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  • Writer's pictureSusan Houser

News of the Week 05-17-15

A wonderful story that gets little attention is what happened in 1998 in Otsego County, Michigan. That year, a group of citizens got together and decided that they wanted to stop the killing at their county shelter. They did so in a big way, achieving a live release rate of over 90% in 1999 and every year since then for which we have statistics. The Otsego County shelter was one of the first No Kill shelters in the United States. This article is a nice reminiscence by the current Otsego County shelter director about the people who made the community No Kill.

The Salina Animal Shelter in Salina, Kansas, has announced that it has achieved a 90% live release rate. The Petco Foundation has provided a grant to help the shelter upgrade its facilities and sustain its live release rate.

The Stockton, California shelter, which is under new management, announced a free adoption event for pits and pit mixes to try to reduce the numbers at the shelter. Twenty-four hours later, 13 of the dogs had been adopted or rescued.

Hillsborough County, Florida (where Tampa is located) has had a mystery drop of up to 20% in cat intake at the city/county shelter. Both stray impounds and owner surrenders have dropped. The shelter has a community cat program, but director Scott Trebatoski does not think that program has been in effect long enough to account for the change. He speculates that maybe there has been a change in attitude as to how people deal with cats in their neighborhoods. Perhaps people who hear about the community cat program are deciding to do-it-themselves by getting neighborhood cats spayed and neutered. It will be interesting to see if the drop persists through kitten season.

A great story about the power of one. Lisa McCormick of Belleville, Illinois, adopted a couple of cats from an Illinois pound 15 years ago. The pound did not adopt out many animals, and it had buckets of collars sitting on top of its gas chamber. McCormick was inspired to start a rescue, and since 2002 her rescue, Partners for Pets, has re-homed over 12,000 dogs and cats. The rescue has acquired a site for a new shelter and will be moving soon.

And a great story about what a No Kill group can do to create the change they want to see. Operation Pets Alive of Montgomery County, Texas, just north of the Houston metro area, is partnering with the county shelter to help it move toward No Kill. Operation Pets Alive programs include transports, offsite adoption events, fostering, and targeted spay-neuter.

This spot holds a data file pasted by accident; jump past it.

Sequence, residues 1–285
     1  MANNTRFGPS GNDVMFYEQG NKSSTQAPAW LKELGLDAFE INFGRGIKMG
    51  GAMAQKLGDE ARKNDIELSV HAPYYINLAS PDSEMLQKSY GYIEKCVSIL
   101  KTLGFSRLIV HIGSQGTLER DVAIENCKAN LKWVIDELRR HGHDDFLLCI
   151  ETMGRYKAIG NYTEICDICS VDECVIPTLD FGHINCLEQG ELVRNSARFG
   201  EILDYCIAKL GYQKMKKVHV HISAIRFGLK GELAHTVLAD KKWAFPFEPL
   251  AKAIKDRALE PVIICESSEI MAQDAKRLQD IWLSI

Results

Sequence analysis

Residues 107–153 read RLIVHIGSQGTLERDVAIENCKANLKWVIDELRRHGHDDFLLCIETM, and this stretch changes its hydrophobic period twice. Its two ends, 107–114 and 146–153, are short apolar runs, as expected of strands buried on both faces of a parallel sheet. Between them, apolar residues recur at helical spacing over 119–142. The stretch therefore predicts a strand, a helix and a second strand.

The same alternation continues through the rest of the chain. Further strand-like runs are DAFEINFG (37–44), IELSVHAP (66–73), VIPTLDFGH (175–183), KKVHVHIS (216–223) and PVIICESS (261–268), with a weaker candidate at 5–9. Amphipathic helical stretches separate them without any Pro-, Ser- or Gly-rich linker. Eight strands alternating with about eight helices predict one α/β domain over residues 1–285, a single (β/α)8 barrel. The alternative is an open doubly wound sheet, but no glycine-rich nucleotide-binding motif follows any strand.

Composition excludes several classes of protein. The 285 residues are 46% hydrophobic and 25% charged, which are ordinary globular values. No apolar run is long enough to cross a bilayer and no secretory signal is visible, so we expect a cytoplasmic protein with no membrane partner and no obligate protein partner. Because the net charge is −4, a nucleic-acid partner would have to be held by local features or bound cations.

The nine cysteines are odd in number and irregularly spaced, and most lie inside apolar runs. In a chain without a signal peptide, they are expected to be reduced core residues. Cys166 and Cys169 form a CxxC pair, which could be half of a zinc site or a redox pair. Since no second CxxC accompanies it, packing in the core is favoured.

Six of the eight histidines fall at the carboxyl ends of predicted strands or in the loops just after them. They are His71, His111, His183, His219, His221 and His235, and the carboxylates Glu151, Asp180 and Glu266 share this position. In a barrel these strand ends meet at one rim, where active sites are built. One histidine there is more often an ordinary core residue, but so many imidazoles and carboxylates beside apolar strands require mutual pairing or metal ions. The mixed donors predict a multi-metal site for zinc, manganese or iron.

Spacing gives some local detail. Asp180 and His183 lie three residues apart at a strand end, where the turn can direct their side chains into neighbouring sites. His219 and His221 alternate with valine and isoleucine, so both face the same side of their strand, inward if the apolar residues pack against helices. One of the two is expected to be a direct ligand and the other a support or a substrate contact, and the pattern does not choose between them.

One of the No Kill flagship shelters, the Nevada Humane Society, is increasing its efforts to serve its area. There are neighborhoods in every city that have few resources for pets, just as there are neighborhoods that have few resources for people to buy healthy food. In such neighborhoods it can be hard for the providers of free and low-cost spay-neutering and pet health services to reach the people who need that help. Recently some shelters have started programs to reach out to these neighborhoods on a person-to-person basis, and NHS is one of them. The shelter’s director, Kevin Ryan, has announced that this work will be furthered by the shelter’s selection as a Pets For Life mentor in the HSUS program.

Lost Dogs of America has a very helpful blog on how to trace an animal’s owner from its microchip even when the contact information is out of date or the chip was never registered.

A former shelter dog is doing search and rescue in Nepal.

Dubuque County, Iowa, is discussing a deal with a private non-profit No Kill, Whispurring Hope Rescue, to take over most animal control duties in the county and adopt out animals.

A new documentary, Dog by Dog, follows the money trail in the puppy mill business.

Sometimes transporters have to refuse to work with a shelter. It doesn’t happen very often, and it is hard for rescuers to walk away from a shelter, but it keeps transports safe.

One of Best Friends’ week-long workshops on how to start and run a sanctuary is coming up June 7-13. Best Friends has been putting on these workshops since 1999.

Peter Wolf has a cautionary tale about what can happen when you try to fool Mother Nature.

Here is a helpful blog post about getting access to journal articles about canine science.

Dogs Playing for Life hosted a very successful event for shelter staff and volunteers from six shelters in Phoenix, Oregon, last week. The director of one of the shelters said play time had a “fully transformational” effect on one German Shepherd who had previously leaped at her gate and barked when approached. One of the host shelters, the Jackson County Animal Shelter, is currently at an 85% live release rate and is aiming for 95%.


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